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There’s a funny moment in De-Lovely when, after a screening of the Cole Porter biopic Night and Day (starring Cary Grant), Cole (Kevin Kline) turns to his wife Linda (Ashley Judd) and cracks, “If I can survive this movie, I can survive anything.” Cole Porter will not only survive De-Lovely but may well find his already lofty reputation enhanced by it — at least to a younger generation. As a musical, it’s a dandy, using an innovative framing device and sharp cameos by today’s music stars (Sheryl Crow, Elvis Costello, Natalie Cole and more) to capture the passion that Cole poured into his tunes. Cole’s homosexuality isn’t MIA as it understandably was in the Grant version from 1946, and Winkler and scripter Jay Cocks paint a rich picture of a life marked by both success and excess. Kline was the perfect choice to play Cole Porter, and Judd’s sympathetic portrayal of Linda reminds us how fine an actress she can be when she tears herself away from inane thrillers. As for the music… well, the genius who created such enduring classics as “Anything Goes” and “Let’s Misbehave” certainly needs no boost from me.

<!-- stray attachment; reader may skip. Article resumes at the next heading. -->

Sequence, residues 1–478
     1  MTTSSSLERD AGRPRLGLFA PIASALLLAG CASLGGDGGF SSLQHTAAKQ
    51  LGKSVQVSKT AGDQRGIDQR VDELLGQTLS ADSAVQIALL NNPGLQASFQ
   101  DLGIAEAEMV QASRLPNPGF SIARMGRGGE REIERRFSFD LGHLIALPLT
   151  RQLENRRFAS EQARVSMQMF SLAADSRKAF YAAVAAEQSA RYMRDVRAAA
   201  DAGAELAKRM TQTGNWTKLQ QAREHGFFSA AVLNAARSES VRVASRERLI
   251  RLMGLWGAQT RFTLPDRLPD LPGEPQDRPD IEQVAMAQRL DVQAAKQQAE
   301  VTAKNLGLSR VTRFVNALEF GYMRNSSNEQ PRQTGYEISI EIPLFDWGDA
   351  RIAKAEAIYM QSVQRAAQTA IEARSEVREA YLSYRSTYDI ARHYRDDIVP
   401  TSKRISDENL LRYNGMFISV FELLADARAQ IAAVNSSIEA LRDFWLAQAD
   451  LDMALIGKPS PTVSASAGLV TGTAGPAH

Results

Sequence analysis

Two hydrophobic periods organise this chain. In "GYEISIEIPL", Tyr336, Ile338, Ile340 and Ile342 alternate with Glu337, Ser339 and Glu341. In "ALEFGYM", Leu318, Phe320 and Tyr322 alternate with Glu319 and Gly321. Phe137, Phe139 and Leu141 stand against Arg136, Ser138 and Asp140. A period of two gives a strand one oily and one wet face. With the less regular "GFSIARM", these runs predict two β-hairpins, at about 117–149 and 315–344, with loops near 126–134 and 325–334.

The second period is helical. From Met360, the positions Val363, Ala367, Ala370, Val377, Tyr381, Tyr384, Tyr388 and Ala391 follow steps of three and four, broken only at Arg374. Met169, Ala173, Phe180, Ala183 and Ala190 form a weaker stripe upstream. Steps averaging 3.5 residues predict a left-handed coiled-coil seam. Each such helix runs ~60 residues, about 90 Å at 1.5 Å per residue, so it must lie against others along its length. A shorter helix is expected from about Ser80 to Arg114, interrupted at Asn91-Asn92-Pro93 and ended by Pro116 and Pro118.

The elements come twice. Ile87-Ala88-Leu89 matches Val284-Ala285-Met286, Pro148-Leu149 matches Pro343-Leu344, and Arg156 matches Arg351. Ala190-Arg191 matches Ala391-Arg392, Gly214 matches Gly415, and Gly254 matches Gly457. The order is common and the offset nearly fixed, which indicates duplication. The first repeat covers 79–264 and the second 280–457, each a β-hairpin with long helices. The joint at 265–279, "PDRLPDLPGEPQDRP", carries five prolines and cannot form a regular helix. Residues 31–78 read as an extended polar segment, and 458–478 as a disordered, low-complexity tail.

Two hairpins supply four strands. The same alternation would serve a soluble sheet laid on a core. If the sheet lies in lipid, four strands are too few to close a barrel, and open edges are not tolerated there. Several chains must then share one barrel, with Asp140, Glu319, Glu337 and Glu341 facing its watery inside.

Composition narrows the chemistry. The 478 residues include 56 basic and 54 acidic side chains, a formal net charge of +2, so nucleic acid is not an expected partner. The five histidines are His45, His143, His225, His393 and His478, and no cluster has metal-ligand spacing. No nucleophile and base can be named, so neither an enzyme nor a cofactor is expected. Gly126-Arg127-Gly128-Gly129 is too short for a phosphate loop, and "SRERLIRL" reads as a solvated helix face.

Every summer needs one massive mega-bomb to balance the scales, a Battlefield Earth or Gigli to serve as an easy target for smart-aleck critics, derisive audiences and bloodthirsty rival studios. Among this year’s candidates was I, Robot, which finds Will Smith shoehorned into a high-tech yarn “inspired” by Isaac Asimov’s collection of loosely related stories. There was just something about this particular project that carried the stench of a maggot-infested animal carcass — or, at the very least, Shaquille O’Neal’s socks after a grueling playoff game. Wrong call on this one. Faithfulness to the source material isn’t a strong point — and that makes it different from other Hollywood adaptations exactly how? The important thing is that on its own terms, this delivers the goods as a zippy piece of sci-fi pulp. Will Smith stars as Del Spooner, a detective in 2035 Chicago who’s convinced that a scientist has been murdered by one of his own robot creations. Only thing is, robots are programmed not to harm humans — ever — and Spooner’s suspicions are dismissed as prejudice and paranoia. But he — and the audience — knows better. I, Robot recalls a couple dozen futuristic flicks from our collective past (Blade Runner, Minority Report, you name it), but director Alex Proyas (The Crow) still manages to give the film a distinctive look.